Scandinavians traditionally do rather well at the Winter Olympics – for perhaps obvious reasons – but their Viking ancestors would have been no stranger to some of the delights of Sochi. Skis were used and valued in the North. Earl Rognvald I of Orkney boasted that (among several other skills) he could ‘glide on skis’, and the god Ullr was also associated with skiing. In fact, he has been taken as a sort of unofficial patron of the winter ski community, whose members often wear medallions depicting the god – there would no doubt have been a good number of Ullr talismans among the skiers in Sochi.Continue reading “Vikings in Russia”
Several years ago I worked at the Tower of London. Spending long periods of time within a building of such age, I would often start to wonder about how the area would have looked before the castle was built. Every morning I would pass the remains of Roman walls at Tower Bridge station, walls that were repaired and refortified by King Alfred the Great in response to the very real threat of Viking raids from the river. Blotting out the great hulk of HMS Belfast, Tower Bridge and the modern office blocks that now crowd the banks, I would try to imagine the awe and the terror that a Londoner would have felt a thousand years ago, standing on the city walls, watching the carved and gilded prows of dragon ships silently gliding up the Thames. Viking fleets and armies raided and besieged the city on numerous occasions, and the river has given up dozens of weapons that might have ended up there as a result of those conflicts.Continue reading “The Vikings are coming …”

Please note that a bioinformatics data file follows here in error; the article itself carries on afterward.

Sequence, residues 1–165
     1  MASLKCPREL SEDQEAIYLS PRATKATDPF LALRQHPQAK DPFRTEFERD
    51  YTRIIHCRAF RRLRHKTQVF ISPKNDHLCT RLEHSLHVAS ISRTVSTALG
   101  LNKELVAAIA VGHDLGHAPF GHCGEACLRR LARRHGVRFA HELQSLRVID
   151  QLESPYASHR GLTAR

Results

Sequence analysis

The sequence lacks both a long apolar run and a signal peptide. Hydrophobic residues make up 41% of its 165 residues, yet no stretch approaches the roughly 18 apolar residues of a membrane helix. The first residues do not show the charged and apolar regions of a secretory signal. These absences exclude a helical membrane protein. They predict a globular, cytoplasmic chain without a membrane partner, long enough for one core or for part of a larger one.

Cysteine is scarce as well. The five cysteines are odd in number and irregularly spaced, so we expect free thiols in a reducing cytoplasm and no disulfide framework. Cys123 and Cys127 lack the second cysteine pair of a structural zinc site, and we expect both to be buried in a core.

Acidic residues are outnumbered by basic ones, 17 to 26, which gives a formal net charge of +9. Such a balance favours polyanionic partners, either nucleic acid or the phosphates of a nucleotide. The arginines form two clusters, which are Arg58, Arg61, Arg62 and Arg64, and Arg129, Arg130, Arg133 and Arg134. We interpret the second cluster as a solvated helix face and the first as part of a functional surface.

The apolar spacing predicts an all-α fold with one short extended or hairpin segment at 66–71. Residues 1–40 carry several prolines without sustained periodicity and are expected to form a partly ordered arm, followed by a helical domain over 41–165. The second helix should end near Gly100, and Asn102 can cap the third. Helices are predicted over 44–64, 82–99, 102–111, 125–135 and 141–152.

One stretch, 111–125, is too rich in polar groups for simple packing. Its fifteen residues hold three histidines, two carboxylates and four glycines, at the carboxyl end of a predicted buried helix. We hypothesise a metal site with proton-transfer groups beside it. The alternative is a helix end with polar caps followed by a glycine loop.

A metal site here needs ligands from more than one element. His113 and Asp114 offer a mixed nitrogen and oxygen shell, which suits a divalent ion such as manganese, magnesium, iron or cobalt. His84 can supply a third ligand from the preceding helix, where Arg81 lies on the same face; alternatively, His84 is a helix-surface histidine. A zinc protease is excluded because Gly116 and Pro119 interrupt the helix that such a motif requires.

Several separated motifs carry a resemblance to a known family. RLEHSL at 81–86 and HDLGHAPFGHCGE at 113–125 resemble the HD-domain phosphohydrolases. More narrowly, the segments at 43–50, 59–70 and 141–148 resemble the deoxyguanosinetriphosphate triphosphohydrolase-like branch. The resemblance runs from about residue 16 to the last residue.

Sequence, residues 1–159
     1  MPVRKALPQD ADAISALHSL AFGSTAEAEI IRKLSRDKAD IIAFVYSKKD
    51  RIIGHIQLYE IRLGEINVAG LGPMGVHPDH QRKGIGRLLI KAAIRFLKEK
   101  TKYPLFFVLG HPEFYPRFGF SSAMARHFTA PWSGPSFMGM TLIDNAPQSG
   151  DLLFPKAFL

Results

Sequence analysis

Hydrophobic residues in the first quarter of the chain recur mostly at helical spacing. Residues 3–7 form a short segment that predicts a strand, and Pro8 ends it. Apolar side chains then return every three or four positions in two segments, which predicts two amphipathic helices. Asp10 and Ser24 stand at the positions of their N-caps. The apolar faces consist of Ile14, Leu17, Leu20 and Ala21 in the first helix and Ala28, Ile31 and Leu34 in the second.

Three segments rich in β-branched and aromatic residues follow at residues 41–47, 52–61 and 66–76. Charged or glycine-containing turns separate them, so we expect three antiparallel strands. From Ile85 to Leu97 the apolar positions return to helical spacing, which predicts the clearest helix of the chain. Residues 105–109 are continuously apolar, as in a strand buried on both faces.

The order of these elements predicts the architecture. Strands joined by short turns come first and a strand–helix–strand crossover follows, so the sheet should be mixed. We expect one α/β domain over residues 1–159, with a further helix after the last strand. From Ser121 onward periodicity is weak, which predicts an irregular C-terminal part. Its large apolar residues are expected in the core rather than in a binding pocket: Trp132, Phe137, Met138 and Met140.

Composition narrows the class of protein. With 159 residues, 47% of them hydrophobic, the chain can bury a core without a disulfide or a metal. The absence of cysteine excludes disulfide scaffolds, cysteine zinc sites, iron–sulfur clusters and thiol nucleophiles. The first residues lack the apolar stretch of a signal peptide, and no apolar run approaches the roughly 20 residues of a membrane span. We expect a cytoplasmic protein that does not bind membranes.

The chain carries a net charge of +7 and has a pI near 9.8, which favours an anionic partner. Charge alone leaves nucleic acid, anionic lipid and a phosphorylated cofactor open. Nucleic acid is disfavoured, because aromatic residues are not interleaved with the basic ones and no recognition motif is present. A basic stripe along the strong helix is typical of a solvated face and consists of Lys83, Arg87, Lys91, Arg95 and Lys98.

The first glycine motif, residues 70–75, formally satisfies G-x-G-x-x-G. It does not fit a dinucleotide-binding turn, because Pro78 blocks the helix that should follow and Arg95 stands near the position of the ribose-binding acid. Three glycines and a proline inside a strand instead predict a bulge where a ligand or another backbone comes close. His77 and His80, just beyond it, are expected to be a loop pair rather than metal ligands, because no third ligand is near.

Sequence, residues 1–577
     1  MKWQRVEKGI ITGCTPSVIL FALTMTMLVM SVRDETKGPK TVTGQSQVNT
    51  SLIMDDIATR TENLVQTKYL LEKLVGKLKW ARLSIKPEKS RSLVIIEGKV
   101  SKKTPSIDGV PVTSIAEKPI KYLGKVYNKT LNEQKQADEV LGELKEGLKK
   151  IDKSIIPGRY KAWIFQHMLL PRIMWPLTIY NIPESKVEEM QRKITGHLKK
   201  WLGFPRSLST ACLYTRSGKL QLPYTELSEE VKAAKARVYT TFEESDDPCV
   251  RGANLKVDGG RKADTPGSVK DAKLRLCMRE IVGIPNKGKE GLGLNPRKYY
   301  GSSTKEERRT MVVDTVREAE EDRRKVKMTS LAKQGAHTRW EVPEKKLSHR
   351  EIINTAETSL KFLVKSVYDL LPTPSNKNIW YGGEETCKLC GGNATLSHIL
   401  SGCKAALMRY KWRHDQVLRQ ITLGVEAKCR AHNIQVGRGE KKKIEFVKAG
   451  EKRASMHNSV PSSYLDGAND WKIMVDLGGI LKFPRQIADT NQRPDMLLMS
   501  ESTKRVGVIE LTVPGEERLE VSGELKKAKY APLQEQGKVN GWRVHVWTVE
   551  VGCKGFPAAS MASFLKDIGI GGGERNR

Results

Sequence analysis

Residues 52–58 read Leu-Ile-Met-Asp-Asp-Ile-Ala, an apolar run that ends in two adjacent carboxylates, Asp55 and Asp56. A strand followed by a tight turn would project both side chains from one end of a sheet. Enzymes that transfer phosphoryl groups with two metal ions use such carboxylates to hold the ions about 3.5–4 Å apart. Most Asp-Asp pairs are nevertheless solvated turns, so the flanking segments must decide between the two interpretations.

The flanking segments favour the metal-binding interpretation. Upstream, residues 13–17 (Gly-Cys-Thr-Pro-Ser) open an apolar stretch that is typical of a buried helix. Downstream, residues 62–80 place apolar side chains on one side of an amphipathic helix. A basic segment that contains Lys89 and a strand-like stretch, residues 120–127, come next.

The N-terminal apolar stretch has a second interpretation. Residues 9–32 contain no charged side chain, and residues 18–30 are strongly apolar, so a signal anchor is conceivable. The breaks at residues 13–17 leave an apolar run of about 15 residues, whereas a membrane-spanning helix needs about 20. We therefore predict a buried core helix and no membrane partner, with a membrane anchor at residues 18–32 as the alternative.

This evening BBC Scotlandwill be airing the first part of a new series investigating the Bannockburn battlefield. The series is obviously timed to coincide with interest in the battle arising from the Scottish independence debate and coming referendum, but work to precisely locate the site has been ongoing for some time. The series promises to shine a welcome spotlight on a still emerging branch of archaeology and the challenges associated with locating (and protecting) locations that have a powerful resonance in modern political engagement with the past. If the site of Bannockburn can be identified with security (and archaeological proof) then it will join the tiny corpus of pre-Civil War battelfields in Britain that can be identified archaeologically, alongside Bosworth (1485) and Towton (1461). The series is presented by Neil Oliver and Dr. Tony Pollard, director of the Centre for Battlefield Archaeology at Glasgow University. The latter’s involvement should ensure that the series is sensible and insightful, and recalls the days when the pair presented the battlefield archaeology programme Two Men in A Trench before Neil Oliver’s ascent to the dizzy pinnacle of archaeo-presenting megastardom.
The website has lots of content, and several entertaining clips of people hitting each other with authentic looking fourteenth century hardware. Excellent.
When I was a small boy – probably I was eight years old – my grand-father gave me a board game for my birthday. This was no ordinary board game, however; this was Heroquest. Opening the box was like opening a portal into another world, like lifting the lid of the Box of Delights. One of the most powerful and evocative smells I know, a smell familiar to anyone who has bought an expensive boxed game over the last twenty-five years, is the unique aroma of plastic and freshly cut card that I first experienced on entering that case of wonders.Continue reading “Journeys in the dark”